Proper 13 - Year B
2 Samuel 11:26-12:13a; Psalm 51:1-13; Ephesians 4:1-16; John 6:24-35
- Introit: Behold God is my helper, and the Lord is the protector of my soul: turn back the evils upon my enemies, and cut them off in Thy truth, O Lord my protector. (Ps. 53. 3). Save me, O God, by Thy Name, and deliver me in Thy strength.
Collect: O Lord, we beseech thee, let thy continual pity cleanse and defend thy Church; and, because it cannot continue in safety without thy succor, preserve it evermore by thy help and goodness; through Jesus Christ our Lord, who liveth and reigneth with thee and the Holy Spirit, one God, for ever and ever.
A widower had some raspberry bushes. The first summer after his wife died, a woman from his church asked if she could come over and pick raspberries. She knew he and his wife had grown the bushes from the spindly young canes that came from the mail-order catalogue into thick healthy shrubs laden with fruit. “They have to be picked if you want them to keep producing,” she explained. “And I want to make you a pie. You don’t get raspberry often because it takes a whole lot of berries and you have a whole bunch of berries just waiting to be made into pie.”
She picked the berries in the morning and returned in the afternoon with the pie: homemade crust, red raspberries and filling peeking through the golden brown lattice crisscrossing the top, and still warm.
“Enjoy a piece with me?” he asked. “I can’t eat an entire pie by myself.” He poured them each a glass of 2% milk and cut two pieces of the pie. It was marvelous – sweet, tart, gooey delicious fruit; flaky, tender, slightly salty crust. Perfect, especially with the milk to wash it down and clear the palate for the next bite. He thanked her for the pie.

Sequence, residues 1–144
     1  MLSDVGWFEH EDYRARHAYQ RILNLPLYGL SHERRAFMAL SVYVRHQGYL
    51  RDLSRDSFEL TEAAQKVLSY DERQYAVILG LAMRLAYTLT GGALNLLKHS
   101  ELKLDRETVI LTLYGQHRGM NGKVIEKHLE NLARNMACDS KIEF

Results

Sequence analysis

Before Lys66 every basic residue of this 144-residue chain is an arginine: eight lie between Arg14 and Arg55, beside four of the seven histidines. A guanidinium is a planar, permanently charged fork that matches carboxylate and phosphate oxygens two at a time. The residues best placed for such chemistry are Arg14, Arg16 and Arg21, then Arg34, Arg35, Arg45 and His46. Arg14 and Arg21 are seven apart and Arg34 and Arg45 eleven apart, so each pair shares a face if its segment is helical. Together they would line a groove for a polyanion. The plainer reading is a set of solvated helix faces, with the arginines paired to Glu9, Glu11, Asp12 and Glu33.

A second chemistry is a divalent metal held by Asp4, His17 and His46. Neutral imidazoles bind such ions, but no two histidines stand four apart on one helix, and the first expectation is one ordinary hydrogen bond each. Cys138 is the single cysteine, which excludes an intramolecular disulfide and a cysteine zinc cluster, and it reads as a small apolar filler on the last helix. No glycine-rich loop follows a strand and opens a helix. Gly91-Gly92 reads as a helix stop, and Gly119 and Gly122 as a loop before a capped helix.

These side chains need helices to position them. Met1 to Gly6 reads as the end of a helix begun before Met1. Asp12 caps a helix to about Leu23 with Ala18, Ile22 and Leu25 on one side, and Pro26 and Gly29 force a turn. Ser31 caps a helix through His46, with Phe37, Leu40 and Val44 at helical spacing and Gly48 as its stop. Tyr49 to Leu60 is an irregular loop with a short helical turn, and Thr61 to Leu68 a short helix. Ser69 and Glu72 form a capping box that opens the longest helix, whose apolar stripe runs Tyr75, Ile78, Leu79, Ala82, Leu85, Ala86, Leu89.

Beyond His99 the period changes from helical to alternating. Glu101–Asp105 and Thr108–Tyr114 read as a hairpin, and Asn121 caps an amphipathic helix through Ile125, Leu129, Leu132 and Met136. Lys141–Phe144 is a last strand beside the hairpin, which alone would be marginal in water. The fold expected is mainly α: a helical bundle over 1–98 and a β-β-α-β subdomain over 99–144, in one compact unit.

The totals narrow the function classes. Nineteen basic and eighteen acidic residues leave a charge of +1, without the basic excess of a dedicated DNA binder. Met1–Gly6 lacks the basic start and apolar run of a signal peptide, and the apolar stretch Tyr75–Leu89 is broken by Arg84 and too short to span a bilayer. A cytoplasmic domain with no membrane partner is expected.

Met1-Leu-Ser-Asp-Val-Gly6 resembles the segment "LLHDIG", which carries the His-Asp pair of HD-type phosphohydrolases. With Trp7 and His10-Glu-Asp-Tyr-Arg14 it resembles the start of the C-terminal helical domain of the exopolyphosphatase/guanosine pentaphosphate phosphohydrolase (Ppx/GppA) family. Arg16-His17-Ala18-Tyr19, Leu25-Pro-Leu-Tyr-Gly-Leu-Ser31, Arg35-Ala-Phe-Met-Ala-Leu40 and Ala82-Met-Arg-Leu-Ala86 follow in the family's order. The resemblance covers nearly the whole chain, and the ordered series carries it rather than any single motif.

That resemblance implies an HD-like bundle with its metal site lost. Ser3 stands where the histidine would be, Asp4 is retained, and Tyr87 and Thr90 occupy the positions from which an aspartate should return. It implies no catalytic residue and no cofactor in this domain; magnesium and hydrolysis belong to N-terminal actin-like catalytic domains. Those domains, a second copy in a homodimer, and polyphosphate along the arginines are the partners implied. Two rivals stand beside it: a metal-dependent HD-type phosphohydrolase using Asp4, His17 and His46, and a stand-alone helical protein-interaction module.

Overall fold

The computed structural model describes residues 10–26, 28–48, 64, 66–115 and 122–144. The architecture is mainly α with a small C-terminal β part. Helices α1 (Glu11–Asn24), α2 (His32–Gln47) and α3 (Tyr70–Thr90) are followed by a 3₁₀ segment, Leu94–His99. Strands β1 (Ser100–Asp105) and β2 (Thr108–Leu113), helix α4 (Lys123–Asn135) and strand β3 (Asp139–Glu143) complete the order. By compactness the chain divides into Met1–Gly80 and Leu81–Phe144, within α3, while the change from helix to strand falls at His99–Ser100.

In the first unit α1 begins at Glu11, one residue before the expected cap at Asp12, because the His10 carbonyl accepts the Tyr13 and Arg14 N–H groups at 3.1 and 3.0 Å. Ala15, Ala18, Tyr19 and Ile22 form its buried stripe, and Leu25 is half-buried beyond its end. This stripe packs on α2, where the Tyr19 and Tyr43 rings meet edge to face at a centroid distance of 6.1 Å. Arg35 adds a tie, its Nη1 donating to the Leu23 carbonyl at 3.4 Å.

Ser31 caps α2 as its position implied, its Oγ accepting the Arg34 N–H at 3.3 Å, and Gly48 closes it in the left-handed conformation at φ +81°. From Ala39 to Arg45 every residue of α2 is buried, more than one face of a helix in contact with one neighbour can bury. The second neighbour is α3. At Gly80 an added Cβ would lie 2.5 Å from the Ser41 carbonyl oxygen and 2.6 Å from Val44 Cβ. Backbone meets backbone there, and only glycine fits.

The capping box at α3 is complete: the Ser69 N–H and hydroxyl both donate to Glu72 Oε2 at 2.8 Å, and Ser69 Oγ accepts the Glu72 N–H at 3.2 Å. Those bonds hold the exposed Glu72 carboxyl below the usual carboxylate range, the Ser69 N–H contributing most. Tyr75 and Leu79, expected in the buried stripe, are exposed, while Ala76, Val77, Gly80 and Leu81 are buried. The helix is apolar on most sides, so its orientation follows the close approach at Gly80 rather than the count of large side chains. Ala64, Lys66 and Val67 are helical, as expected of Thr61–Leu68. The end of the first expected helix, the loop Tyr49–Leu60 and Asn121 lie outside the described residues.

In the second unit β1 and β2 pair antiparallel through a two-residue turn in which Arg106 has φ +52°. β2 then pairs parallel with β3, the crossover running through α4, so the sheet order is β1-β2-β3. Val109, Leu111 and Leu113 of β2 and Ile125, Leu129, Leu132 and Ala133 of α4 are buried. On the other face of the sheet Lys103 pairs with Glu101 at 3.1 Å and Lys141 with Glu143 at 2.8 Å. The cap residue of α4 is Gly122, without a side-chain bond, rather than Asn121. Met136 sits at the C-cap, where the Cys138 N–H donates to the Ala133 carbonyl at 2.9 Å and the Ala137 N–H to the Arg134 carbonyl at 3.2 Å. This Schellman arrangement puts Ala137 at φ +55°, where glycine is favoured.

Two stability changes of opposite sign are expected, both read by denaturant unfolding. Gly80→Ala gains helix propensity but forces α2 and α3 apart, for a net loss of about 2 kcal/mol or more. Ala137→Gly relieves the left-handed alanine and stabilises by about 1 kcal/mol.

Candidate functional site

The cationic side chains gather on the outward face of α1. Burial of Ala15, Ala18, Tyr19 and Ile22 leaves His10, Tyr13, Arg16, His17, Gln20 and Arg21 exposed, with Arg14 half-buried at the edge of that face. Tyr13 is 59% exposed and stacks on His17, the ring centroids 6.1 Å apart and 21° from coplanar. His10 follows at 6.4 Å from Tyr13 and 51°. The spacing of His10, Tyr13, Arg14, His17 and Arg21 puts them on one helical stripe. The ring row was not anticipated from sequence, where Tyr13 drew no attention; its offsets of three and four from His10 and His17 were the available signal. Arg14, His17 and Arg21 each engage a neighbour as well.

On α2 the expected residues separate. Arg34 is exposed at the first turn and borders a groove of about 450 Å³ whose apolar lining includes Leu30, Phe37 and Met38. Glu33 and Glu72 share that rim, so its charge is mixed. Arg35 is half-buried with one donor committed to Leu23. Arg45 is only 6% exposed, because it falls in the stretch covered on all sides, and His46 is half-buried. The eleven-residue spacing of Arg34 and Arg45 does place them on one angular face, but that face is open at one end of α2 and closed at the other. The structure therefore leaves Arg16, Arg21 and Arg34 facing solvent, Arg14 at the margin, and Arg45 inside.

Although the pie would have been a luxurious treat – he could certainly have enjoyed it piece by piece by himself – he got an idea. He packed up the pie and went to visit a friend. “Here, have a piece of pie,” he said. He sliced a piece and dished it onto one of the paper plates he had brought along. “I won’t stay long, but I think you will enjoy this.” They visited while the friend ate the pie, a small piece, enough to taste, but the richness of the sweet and tart and tender pie made a small piece just the right amount.
He thought next of who might actually not just enjoy a piece of the pie, but need the pie; who might need some simple pleasure, some tangible reminder that unassuming things like berries and sugar, flour and salt can be transformed into something that lets you actually taste summer in a mouthful; who might be served by this undemanding manifestation of care and love in edible form.
The pie was too good not to share. He spent the rest of the day sharing the pie, slice by modest slice. He and those with whom he shared it found that even a small piece could convey the essence of it: sunshine, earth, abundance, creativity, compassion.
He came to think of it as communion by pie.
It was a kind of grace that conveyed the knowledge that he was part of a larger community and that connection was part of what he hungered for. The pie did not cause the connection, of course. But the pie was the means for it, a way to say: “I see you. I want you to join me in enjoyment, in nourishment, in a moment set aside. Take off your work gloves, turn off your computer, set down your cell phone, check book, dish towel. Sit down for a moment and do nothing more than enjoy a piece of pie.”